I have been living in Asia for the last 15 years and of course I noticed it’s noisy. Noise regulations (if exist at all) are very lenient and mostly not enforced. I’m very happy to see that Acoustical Societies are coming up in Asian countries and can convince governments to invest in setting up proper noise regulations and enforcing them. I’m very happy to be able to contribute to a quieter world by creating more awareness for the dangers of noise!

Categories
Asia Noise News

City noise pollution linked to hearing loss: study

Urban noise pollution and hearing loss are closely linked, according to rankings of 50 large cities in both categories released on Friday.

High-decibel urban areas — such as Guangzhou, New Delhi, Cairo and Istanbul — topped the list of cities where hearing was most degraded, researchers reported.

Likewise, cities least afflicted by noise pollution — including Zurich, Vienna, Oslo and Munich — registered the lowest levels of decline in hearing.

This statistical link does not necessarily mean the constant din of city life is the main driver of hearing loss, which can also be caused by infections, genetic disorders, premature birth, and even some medicines.

The findings are also preliminary, and have yet to be submitted for peer-reviewed publication.

“But this is a robust result,” said Henrik Matthies, managing director of Mimi Hearing Technologies, a German company that has amassed data on 200,000 people drawn from a hearing test administered via cell phones.

“The fact that noise pollution and hearing loss have such a tight correlation points to an intricate relationship,” he told AFP.

Researchers at Mimi and Charite University Hospital in Berlin explored the link by constructing two separate databases.

The first combined information from the World Health Organization (WHO) and Norwegian-based technology research group SINTEF to create a noise pollution ranking for cities around the world.

Stockholm, Seoul, Amsterdam and Stuttgart were also among the least likely to assault one’s ears, while Shanghai, Hong Kong and Barcelona came out as big noise makers.

Paris — one of the most densely populated major cities in Europe — scored as the third most cacophonous.

The ranking for hearing loss drew from Mimi’s phone-based test, in which respondents indicated age and sex. Geo-location technology pinpointed the cities.

‘Silent epidemic’

The results were measured against a standard for age-adjusted hearing.

On average, people in the loudest cities were ten years “older” — in terms of hearing loss — than those in the quietest cities, the study found.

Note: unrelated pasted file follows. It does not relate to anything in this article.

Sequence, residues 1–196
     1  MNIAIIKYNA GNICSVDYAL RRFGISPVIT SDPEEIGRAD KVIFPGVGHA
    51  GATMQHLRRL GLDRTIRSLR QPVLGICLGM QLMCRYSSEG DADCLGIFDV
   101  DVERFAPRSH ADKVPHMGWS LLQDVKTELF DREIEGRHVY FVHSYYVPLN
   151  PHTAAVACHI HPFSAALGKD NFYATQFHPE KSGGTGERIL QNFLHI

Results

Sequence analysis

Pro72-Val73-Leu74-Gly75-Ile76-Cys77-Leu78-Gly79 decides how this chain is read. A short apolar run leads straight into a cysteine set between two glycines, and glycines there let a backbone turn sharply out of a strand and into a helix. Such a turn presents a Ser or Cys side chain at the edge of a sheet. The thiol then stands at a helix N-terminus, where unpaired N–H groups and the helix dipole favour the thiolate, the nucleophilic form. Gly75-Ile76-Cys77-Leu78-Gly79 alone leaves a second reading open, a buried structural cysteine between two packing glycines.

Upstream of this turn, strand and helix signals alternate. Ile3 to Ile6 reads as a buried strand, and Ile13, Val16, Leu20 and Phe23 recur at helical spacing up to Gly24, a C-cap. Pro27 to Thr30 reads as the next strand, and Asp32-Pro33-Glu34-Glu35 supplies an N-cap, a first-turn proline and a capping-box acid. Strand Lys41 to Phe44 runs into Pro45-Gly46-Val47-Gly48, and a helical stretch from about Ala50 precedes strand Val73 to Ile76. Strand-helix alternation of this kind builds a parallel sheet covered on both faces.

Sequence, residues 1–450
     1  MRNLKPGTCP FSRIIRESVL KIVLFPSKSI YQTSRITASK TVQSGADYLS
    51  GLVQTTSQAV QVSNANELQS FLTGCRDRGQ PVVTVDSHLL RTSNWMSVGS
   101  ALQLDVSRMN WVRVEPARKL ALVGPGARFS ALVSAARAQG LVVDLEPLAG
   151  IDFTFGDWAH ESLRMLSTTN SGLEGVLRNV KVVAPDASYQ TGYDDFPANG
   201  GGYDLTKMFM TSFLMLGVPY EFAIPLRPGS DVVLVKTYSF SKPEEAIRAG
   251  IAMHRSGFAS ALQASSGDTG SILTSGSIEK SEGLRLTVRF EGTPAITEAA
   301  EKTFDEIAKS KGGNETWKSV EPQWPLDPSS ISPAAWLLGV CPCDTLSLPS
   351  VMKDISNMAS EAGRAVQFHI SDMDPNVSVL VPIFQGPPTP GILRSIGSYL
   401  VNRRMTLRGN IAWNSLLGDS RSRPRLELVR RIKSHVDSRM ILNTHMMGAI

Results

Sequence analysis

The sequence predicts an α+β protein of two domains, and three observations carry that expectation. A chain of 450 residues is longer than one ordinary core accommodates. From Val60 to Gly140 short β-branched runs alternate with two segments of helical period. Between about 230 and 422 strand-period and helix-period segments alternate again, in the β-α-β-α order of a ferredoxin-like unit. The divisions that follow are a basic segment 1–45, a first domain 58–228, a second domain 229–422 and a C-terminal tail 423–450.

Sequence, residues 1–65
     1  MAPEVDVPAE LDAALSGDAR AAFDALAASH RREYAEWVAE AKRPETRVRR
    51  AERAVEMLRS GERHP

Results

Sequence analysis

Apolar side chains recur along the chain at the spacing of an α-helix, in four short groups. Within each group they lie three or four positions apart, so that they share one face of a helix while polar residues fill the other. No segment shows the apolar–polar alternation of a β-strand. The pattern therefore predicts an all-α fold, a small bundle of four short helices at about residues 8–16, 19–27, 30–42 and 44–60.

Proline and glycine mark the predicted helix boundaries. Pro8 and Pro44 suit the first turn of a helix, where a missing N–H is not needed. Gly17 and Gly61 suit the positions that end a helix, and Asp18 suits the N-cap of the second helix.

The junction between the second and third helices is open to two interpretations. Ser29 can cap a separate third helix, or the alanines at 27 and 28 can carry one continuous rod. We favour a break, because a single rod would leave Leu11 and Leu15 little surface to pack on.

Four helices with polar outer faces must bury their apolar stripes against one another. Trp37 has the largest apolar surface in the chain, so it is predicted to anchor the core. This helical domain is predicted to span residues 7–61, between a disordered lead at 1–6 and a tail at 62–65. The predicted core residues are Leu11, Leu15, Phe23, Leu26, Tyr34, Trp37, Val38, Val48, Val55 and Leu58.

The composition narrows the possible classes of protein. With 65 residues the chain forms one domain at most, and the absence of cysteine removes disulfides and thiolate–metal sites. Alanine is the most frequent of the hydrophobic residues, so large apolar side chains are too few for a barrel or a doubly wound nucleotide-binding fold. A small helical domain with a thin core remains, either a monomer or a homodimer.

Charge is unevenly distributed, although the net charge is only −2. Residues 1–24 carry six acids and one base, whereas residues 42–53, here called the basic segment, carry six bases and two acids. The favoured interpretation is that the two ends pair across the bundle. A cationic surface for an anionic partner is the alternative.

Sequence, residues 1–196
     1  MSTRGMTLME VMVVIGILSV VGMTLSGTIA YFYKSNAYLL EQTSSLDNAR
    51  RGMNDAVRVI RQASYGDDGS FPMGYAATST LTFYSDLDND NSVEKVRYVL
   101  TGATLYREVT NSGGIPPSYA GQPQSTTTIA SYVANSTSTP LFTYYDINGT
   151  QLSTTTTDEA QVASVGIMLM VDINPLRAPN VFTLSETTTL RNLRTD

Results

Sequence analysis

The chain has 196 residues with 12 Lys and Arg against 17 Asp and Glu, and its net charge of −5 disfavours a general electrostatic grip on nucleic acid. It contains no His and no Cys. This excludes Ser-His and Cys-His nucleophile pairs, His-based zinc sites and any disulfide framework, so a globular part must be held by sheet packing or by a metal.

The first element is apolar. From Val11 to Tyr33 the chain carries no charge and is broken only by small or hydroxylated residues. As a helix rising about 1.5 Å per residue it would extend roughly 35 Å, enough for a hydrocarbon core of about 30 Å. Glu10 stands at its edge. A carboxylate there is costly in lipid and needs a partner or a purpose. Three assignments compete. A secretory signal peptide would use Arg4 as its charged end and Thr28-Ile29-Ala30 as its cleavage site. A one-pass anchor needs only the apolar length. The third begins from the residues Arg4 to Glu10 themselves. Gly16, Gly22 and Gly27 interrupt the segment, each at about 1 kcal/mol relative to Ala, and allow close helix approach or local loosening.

Stacked side-by-side, the two city rankings are remarkably similar, suggesting more than an incidental link.

The findings highlight the need for better monitoring, the researchers said.

“While eye and sight checks are routine, ear and hearing exams are not,” said Manfred Gross, head of the department of Audiology and Phoniatrics at Charite University Hospital.

“The earlier hearing loss is detected, the better the chances are for preventing further damage.”

Collaborations between scientists and private companies that collect health-related information from consumers are becoming more common in the era of Big Data.

California-based DNA genetic testing company 23andMe, for example, has worked extensively with university researchers to ferret out rare genetic disorders by combing through mountains of anonymous data from its clients.

Also on Friday, World Hearing Day, the WHO released figures showing annual costs of unaddressed hearing loss of between US$750 billion and US$790 billion globally.

Direct health care costs were calculated to be up to US$107 billion, with loss of productivity due to unemployment or early retirement about the same.

“Societal costs” — stemming from social isolation, inability to communicate and stigma — were estimated at more than US$500 billion.

In a recent editorial, the medical journal The Lancet said hearing loss is a “silent epidemic,”noting that proper care remains out of reach for millions of people.

Mimi Hearing Technologies develops music applications that adjust to the individual hearing deficiencies of listeners.